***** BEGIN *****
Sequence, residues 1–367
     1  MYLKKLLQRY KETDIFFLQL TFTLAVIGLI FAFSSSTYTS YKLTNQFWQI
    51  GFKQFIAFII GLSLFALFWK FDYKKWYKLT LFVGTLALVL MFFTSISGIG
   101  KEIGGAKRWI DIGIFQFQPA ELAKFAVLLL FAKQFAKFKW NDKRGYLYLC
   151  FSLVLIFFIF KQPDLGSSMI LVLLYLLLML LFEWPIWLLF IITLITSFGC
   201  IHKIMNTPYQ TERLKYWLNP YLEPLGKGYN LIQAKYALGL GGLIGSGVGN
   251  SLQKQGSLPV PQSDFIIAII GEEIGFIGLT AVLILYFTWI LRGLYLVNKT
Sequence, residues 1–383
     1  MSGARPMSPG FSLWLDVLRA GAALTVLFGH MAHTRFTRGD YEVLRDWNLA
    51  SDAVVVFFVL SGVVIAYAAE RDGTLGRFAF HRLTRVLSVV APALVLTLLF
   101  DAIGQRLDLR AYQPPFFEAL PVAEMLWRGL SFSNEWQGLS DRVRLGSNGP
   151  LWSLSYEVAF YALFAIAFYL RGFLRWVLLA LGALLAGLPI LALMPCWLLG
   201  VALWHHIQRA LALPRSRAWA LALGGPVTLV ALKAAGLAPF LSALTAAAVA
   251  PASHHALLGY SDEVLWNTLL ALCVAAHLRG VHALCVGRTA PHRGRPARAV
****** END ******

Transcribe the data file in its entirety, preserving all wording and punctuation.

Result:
Sequence, residues 1–367
     1  MYLKKLLQRY KETDIFFLQL TFTLAVIGLI FAFSSSTYTS YKLTNQFWQI
    51  GFKQFIAFII GLSLFALFWK FDYKKWYKLT LFVGTLALVL MFFTSISGIG
   101  KEIGGAKRWI DIGIFQFQPA ELAKFAVLLL FAKQFAKFKW NDKRGYLYLC
   151  FSLVLIFFIF KQPDLGSSMI LVLLYLLLML LFEWPIWLLF IITLITSFGC
   201  IHKIMNTPYQ TERLKYWLNP YLEPLGKGYN LIQAKYALGL GGLIGSGVGN
   251  SLQKQGSLPV PQSDFIIAII GEEIGFIGLT AVLILYFTWI LRGLYLVNKT
Sequence, residues 1–383
     1  MSGARPMSPG FSLWLDVLRA GAALTVLFGH MAHTRFTRGD YEVLRDWNLA
    51  SDAVVVFFVL SGVVIAYAAE RDGTLGRFAF HRLTRVLSVV APALVLTLLF
   101  DAIGQRLDLR AYQPPFFEAL PVAEMLWRGL SFSNEWQGLS DRVRLGSNGP
   151  LWSLSYEVAF YALFAIAFYL RGFLRWVLLA LGALLAGLPI LALMPCWLLG
   201  VALWHHIQRA LALPRSRAWA LALGGPVTLV ALKAAGLAPF LSALTAAAVA
   251  PASHHALLGY SDEVLWNTLL ALCVAAHLRG VHALCVGRTA PHRGRPARAV